While Blenheim is considered to be one of Brown's masterpieces, his landscaped gardens can be visited all over England. These are also worth seeing:Continue to 4 of 6 below.
04 of 06
The Water Terraces
Between 1900 and 1910, Blenheim's gardens were transformed once again.
In the name of naturalism, 18th century landscape architect Launcelot "Capability" Brown, had grassed over the palace's three acre forecourt and surrounded Blenheim with lawns, trees and shrubs. By the beginning of the 20th century, a taste for a bit of formal, French and Italian garden design had returned and the 9th Duke decided to create a more formal setting for the house itself.
Working with Achille Duchene, darling of European high society at the turn of the 20th century, they achieved a painterly compromise. The long views, are pure "Capability Brown", natural and pastoral. But immediately beside the house, front and rear, formal gardens harken back to Duchene's main influence, Louis XIV's landscaper, Andre Le Notre.A large, formal Italian Garden, that can be overlooked at but not entered, sits to the left of the main visitor entrance to Blenheim Palace. But, to my thinking, the real masterpiece is what is known as The Water Terraces, arranged between the house and lake. The upper level of the Water Terraces is pictured here.Continue to 5 of 6 below.
05 of 06
The Lower Water Terrace at Blenheim Palace
The lower Water Terrace, separated from the upper Water Terrace by a wall of caryatids and tiered shells has been compared to the Parterre d'Eau at Versailles.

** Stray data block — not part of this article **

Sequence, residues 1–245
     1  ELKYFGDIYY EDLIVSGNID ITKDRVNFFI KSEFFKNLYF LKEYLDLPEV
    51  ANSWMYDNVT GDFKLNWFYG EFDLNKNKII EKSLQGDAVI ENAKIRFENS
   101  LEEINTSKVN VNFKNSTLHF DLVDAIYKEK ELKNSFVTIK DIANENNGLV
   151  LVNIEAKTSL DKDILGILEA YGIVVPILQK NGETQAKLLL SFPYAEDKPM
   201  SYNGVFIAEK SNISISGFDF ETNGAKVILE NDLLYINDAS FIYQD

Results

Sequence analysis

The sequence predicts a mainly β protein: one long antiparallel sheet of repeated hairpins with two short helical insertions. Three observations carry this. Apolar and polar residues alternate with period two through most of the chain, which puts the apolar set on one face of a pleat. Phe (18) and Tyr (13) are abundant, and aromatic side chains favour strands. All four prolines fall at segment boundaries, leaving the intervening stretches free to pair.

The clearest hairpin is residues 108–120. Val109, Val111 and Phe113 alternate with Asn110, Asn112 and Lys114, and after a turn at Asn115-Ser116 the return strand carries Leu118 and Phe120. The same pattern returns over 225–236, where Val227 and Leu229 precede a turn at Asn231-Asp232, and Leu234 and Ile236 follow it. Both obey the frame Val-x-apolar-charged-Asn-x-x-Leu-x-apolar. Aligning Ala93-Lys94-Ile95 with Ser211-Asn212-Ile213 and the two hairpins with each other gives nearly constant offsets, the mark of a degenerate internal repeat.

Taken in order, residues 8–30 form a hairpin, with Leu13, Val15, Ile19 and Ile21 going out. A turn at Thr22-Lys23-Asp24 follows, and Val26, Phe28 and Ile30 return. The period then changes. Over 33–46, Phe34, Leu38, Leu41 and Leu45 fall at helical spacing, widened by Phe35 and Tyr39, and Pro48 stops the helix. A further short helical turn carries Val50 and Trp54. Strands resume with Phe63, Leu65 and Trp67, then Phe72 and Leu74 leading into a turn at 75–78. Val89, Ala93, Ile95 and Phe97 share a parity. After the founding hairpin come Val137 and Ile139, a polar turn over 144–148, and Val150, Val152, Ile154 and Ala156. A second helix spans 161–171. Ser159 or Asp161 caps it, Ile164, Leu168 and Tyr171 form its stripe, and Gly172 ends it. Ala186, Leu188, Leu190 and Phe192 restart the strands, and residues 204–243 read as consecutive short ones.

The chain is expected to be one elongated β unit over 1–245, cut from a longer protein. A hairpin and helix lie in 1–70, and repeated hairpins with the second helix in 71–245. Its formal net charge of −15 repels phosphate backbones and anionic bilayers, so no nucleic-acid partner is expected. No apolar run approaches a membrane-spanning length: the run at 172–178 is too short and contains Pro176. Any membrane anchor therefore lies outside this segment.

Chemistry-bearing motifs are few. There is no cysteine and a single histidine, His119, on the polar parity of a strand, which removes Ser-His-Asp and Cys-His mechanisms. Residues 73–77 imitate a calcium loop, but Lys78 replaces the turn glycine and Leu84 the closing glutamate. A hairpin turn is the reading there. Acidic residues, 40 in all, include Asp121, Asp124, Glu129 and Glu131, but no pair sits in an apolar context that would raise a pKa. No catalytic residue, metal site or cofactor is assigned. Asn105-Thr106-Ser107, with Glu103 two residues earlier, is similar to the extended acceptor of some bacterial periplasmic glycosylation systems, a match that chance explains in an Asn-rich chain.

The Water Terraces were said to have been inspired by the sculptor Bernini. Amongst the statuary in the lower terrace is a scale model of Bernini's river-god fountain, after the original in Rome's Piazza Navona.
The sphinx, pictured here, is one of a pair with heads modeled on the features of the 9th Duke's second American wife Gladys Deacon(the first, also American, was Consuelo Vanderbilt). They were created by H. Ward Willis in 1930.
Another piece of sculpture on the lower Water Terrace was modeled on local man and gardener Bert Timms of Hanborough. According to the story, he happened to be walking through the gardens when sculptor Visseau, who was carving at the time, noticed him and was inspired. As a result, he became the model of the head and torso of the leftmost caryatid on the wall that separates the two Water Terraces at Blenheim.Continue to 6 of 6 below.
06 of 06
The Temple of Diana at Blenheim Palace
The classical Temple of Diana, where Winston Churchill proposed to his wife Clementine, is tucked into an arboretum of specimen trees.
The Temple of Diana was built in the 18th century for the 4th Duke of Marlborough. In 1908, Winston Churchill, who was born at Blenheim Palace, proposed to his future wife, Clementine Hozier, in the temple. It was restored in 1975.
One of the pleasures of the gardens at Blenheim Palace is the great variety of landscape features added by various occupants of the house over the years. The little temple, pictured here, sits in an arboretum under four tall incense cedars. Other garden features include:
- The Rose Garden
- The Grand Cascade, created by "Capability" Brown
- The Grand Bridge, designed by Vanbrugh and much taller before being flooded by Brown's lakes. The first Duchess claimed to have counted 33 rooms in the bridge.
- The Secret Garden, a secluded garden where keen gardeners will find many of the plants named. It was restored in 2004, the 300th anniversary of the Battle of Blenheim.